U.S. Open

Murray Loosens Up

The Wall Street Journal (9/12/2012)
What do you give the first British man to win a Grand Slam singles title in 76 years? Piles of junk food. Read more...

Murray Wins the U.S. Open

The Wall Street Journal (9/11/2012)
It was never going to be simple for Andy Murray, who until Monday was the best tennis player in the world—and maybe ever—to never win a Grand Slam title. There would be groans. Moans. Hangdog looks, self-loathing, thigh slaps, "jelly" legs (his words) and much limping. His hair, everyone knew, would be an absolute mess. And of course, the swearing—lots and lots of swearing. Read more...

The Queen of Queens Is Serena Once More

The Wall Street Journal (9/10/2012)
Serena Williams has broken her U.S. Open losing streak. Read more...

Why the USTA Benched America's Best Junior

The Wall Street Journal (9/7/2012)
As the U.S. Tennis Association continues its struggle to reverse the declining fortunes of American tennis, it seems fair to assume that 16-year-old Taylor Townsend would be welcome to play anywhere she likes. Read more...

Tennis Legends 'Livid" Over Townsend Decision

The Wall Street Journal (9/7/2012)
On Friday, the Journal spoke with Lindsay Davenport and Martina Navratilova, two former No. 1 players and Grand Slam champions who struggled with their weight as teenagers and as pros. Davenport and Navratilova were sharply critical of the USTA’s decision. Read more...

Roddick Serves Up a Final Surprise: Retirement

The Wall Street Journal (8/31/2012)
Andy Roddick, the last American man to win a Grand Slam title, stunned the tennis world Thursday by announcing that he would retire after the U.S. Open. It was his 30th birthday. Read more...

The Sport That Forgot About Scouting

The Wall Street Journal (8/31/2012)
When Ernests Gulbis meets Steve Johnson on Court 13 this morning at the U.S. Open, he will not have a plan. He won't care that Johnson, the two-time NCAA singles champion at Southern California, is quick and agile and hits inside-out forehands at all costs. Or that he tends to hit too many slice backhands when pressured. Or that his forehand can become erratic in long rallies in the center of the court. Read more...

Roger Federer Actually Likes Tennis

The Wall Street Journal (8/27/2012)
There's no shortage of emotional baggage in elite tennis. Overzealous parents. Towering egos. Self-righteousness. Persecution complexes. A tendency to fixate on absurd grievances. The sport beats up the body and tortures the soul, makes rational people scream, swear and smash rackets into the ground. All great players, it seems, hate it at one time or another, even despise it—just ask John McEnroe or Andre Agassi.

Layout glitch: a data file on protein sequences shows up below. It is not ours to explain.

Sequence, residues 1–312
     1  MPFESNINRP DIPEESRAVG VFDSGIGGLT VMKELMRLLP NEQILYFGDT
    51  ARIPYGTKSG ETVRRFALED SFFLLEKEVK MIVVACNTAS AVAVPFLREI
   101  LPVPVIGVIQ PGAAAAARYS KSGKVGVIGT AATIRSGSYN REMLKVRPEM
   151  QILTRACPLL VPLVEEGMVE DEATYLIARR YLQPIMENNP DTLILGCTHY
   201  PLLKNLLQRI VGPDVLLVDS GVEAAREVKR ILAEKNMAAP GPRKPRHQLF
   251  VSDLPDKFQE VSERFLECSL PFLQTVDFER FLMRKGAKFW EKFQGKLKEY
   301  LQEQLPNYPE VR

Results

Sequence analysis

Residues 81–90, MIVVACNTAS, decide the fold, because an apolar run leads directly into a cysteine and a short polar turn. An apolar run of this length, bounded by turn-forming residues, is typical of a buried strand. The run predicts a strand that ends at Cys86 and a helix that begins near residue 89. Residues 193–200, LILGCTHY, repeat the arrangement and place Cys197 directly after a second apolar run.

And then there's Roger Federer, whose talent and temperament have produced something tennis has never seen: an eternally happy mega star. Read more...

Roger Federer Interview

The Wall Street Journal (8/27/2012)
Roger Federer, the world’s No. 1 tennis player, spoke with The Wall Street Journal on Saturday before the start of the U.S. Open. Read more...

Don't Try This at Home

The Wall Street Journal (8/24/2012)
You worship Roger Federer's grace, his style, his exquisite timing and technique. You want to serve like Andy Roddick, smash swinging volleys like Serena Williams and hit running down-the-line winners like Novak Djokovic.

Well, you can't—and it's a bad idea to try. Read more...


Tennis’s Djokovic Complex

The Wall Street Journal (9/13/11)
Men's tennis has had kings who might be described as princes, stoics, tyrants, even Zen masters, but never has it had anyone at the top as impenetrable—or as close to unbeatable—as Novak Djokovic. Read more...

Now Everyone Is a Racket Diva

The Wall Street Journal (9/1/11)
Like musicians, sculptors, painters and sommeliers, the stars of the U.S. Open have exquisitely fine-tuned senses when it comes to the implements of their trade. Professional tennis players can be extremely finicky when it comes to choosing their weapon of choice.

This is a polite way of saying they can be total divas about their rackets. Read more...

The Worst Job in Sports?

The Wall Street Journal (9/4/10)
They stroll around the grounds at the U.S. Open and pack the player's lounge. They chat up big-name stars and agents, eat at four-star restaurants and sit in the best seats in Arthur Ashe Stadium for the marquee matches.

To outsiders, the life of a full-time tennis coach seems glamorous, even glorious. Tennis insiders know the truth: It might well be the worst job in sports. Read more...